This post was written on Dec 18, when my internet was down.
Here at the homestead, we usually aim for tasteful decoration at Christmas. Aside from an annual discussion about appropriate lushness of the Christmas tree, we agree that lots of lights and natural decorations is a good thing. We put out few decorations in the house, but mostly apply lights to the outside pine trees, put candles in all street-facing windows, and apply pine boughs liberally around the house. For the actual Christmas tree, we have a ritual of waiting for snow to fall and trekking 30 mins away to a cut-your-own tree farm Homestead Mama has gone to for years. The owners are always in Florida in December, so we can bring the dogs to ruin their unbroken snow, hike around the property selecting a tree, admire it in its live habitat before cutting it down and dragging it through the snow back to get strapped onto the top of the car. We try to get a tree with a birds nest in it for good luck in the New Year - this trumps perfection of line and fullness. I prefer a sparser tree to showcase select ornaments; Homestead Mama likes a thick tree that you can't see through and prefers to load it with every ornament she ever collected. We agreed to alternate years, so we are each happy. It was that or have 2 trees, and our house isn't big enough for that.
This year, with Pequita taking up every waking minute, I managed to hang a garland of fresh pine in the living room, and set up 2 faux 3' prelit trees flanking the front door in metal urns. Pitiful, even I admit it, but since time is an issue, and all strands of lights are coated in lead that I didn't want to handle while pregnant and handling Pequita, this is as good as it gets chez nous. (We also have a 6' strand of colored lights draped over a window in the living room, but it has nothing to do with Christmas and everything to do with giving the baby something to amuse herself with so we can see her giggle with sheer joy at twinkling color.)
We are traveling to Boston for the holidays, and are counting on my mother, Boston Grandma, to decorate in her usual way so that when we arrive for our short stay we'll have many seasonally themed backdrops against which to drape Pequita for 'first Christmas' photo ops. After a recent phone call, we learned that mom did, indeed, decorate the whole house for the first ever Christmas WITH GRANDBABIES. She has been preparing for this for decades, really. Proper holiday decor involves trading out all the linens on the first floor with red and green themed ones - table runners, doilies, dish towels, and the hand towels in the guest bathrooms (watch out for the sequins, as they scratch if you dry too vigorously). She twines pine garland around banisters, mantels and light fixtures, and digs out all the craft projects we kids made throughout the years, from the wooden & glitter angel, to the walnut shell Christmas mice. There is also a tasteful tree in the living room which cleverly hides the best cat nest of the whole year. The tree is pushed up to the radiator and front window, and a lucky cat can bask on the warmth surrounded by actual LIVE TREE branches while getting a workout batting at the ornaments hanging right at paw level. Rapture. Yesterday I found out that mom had an opportunity to get the first floor painted, which it did need after some unfortunate water damage and plaster repair, and she UNDECORATED the whole place, let the painter do his thing, and then PUT IT ALL BACK UP. This is a woman who clearly cannot wait for her first Christmas with 3 generations. My sister & partner are being forced to leave their lovely nearby home to come sleep under the same roof as the rest of the clan on Christmas Eve, so the glory that is the whole family waking up in one house Christmas morning can be realized. I believe I shall bring mom a screaming Pequita at 4:30 for her feeding to help share the joy. I remember when we kids used to wake up before the sun rose to go see what Santa brought. Roles have now changed, and my parents are up earlier and WE are begging to be allowed to sleep in.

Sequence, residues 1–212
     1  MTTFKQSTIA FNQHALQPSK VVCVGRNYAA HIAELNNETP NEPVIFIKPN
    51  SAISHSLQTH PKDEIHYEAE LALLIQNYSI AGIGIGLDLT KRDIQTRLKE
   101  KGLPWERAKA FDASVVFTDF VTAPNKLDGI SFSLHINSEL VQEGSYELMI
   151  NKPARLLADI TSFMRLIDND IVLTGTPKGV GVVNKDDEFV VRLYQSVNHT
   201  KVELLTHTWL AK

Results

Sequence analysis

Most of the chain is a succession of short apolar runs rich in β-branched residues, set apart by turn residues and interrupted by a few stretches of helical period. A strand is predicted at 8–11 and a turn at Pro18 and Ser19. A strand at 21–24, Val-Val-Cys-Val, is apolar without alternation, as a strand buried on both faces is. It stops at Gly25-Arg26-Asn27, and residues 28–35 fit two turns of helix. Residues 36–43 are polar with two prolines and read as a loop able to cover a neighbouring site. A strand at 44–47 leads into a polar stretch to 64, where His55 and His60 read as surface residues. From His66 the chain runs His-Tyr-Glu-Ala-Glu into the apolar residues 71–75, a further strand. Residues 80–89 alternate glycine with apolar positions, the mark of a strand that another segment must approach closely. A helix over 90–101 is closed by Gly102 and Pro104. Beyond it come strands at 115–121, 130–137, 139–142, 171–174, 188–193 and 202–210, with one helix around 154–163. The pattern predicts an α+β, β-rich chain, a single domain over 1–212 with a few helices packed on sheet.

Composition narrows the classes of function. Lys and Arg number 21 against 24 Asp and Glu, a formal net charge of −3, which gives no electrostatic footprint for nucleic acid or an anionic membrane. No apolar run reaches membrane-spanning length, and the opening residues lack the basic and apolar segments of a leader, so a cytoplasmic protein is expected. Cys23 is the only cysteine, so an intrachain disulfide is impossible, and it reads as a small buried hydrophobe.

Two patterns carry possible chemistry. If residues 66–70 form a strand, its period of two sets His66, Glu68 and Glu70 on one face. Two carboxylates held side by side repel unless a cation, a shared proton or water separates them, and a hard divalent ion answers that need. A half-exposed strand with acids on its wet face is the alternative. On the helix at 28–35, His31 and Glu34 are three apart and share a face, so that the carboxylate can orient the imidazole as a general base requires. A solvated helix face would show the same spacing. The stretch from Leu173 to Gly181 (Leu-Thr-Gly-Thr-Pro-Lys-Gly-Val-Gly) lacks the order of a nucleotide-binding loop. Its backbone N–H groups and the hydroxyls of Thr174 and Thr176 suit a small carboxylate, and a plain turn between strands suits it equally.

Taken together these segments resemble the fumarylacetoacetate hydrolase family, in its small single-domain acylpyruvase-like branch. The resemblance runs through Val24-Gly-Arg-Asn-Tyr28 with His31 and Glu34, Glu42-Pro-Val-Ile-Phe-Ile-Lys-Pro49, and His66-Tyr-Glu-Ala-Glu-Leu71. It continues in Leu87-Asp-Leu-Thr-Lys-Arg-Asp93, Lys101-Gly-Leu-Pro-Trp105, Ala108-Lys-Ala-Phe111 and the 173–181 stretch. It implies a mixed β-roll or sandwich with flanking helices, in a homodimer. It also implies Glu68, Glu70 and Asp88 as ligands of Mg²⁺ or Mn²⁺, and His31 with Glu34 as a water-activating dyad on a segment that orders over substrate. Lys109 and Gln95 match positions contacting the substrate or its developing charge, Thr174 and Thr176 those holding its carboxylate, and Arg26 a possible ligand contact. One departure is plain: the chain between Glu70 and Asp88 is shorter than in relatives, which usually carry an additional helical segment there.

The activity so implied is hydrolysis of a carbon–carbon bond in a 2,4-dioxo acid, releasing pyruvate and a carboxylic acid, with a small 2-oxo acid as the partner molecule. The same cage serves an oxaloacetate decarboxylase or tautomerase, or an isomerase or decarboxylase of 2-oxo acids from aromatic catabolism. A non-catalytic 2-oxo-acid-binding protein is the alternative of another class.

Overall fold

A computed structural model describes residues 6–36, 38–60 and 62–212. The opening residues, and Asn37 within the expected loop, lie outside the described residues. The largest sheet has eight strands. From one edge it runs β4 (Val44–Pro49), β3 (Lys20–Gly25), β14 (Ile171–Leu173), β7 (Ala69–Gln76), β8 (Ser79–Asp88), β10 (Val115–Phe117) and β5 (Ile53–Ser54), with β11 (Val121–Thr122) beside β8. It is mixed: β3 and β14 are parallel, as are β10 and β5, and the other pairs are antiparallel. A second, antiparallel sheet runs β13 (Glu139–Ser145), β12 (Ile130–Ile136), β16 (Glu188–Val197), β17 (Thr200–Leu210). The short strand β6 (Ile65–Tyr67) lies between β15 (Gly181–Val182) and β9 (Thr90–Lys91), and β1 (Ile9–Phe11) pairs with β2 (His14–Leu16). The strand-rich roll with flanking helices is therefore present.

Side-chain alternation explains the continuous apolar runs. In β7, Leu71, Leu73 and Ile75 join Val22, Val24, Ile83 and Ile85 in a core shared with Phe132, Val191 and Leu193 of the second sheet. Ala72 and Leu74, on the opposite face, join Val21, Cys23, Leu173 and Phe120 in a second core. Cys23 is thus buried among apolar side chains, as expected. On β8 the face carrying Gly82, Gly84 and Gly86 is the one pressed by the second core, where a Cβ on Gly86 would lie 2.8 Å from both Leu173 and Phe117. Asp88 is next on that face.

Frankly, I can't wait to get there. Free daycare, the ability to actually knit/cook/shower/sew while someone other than Homestead Mama and I dote on Pequita. Outings to one of the best cities in the world will be had. After 9 weeks, my sister and her partner still haven't met Pequita yet, much to all our dismay, and I am sure that there will be baby trading as we fawn over my 9 month old nephew and they coo over Pequita. I feel pretty blessed all around. Now if only I could drink cup after cup of the homemade eggnog my dad likes to make. Alas, the 3 dozen whipped raw eggs and the gallons of liquor that go into it both kind of cancel that treat out for me this year. Sigh. I hope my mother had time to bake cookies.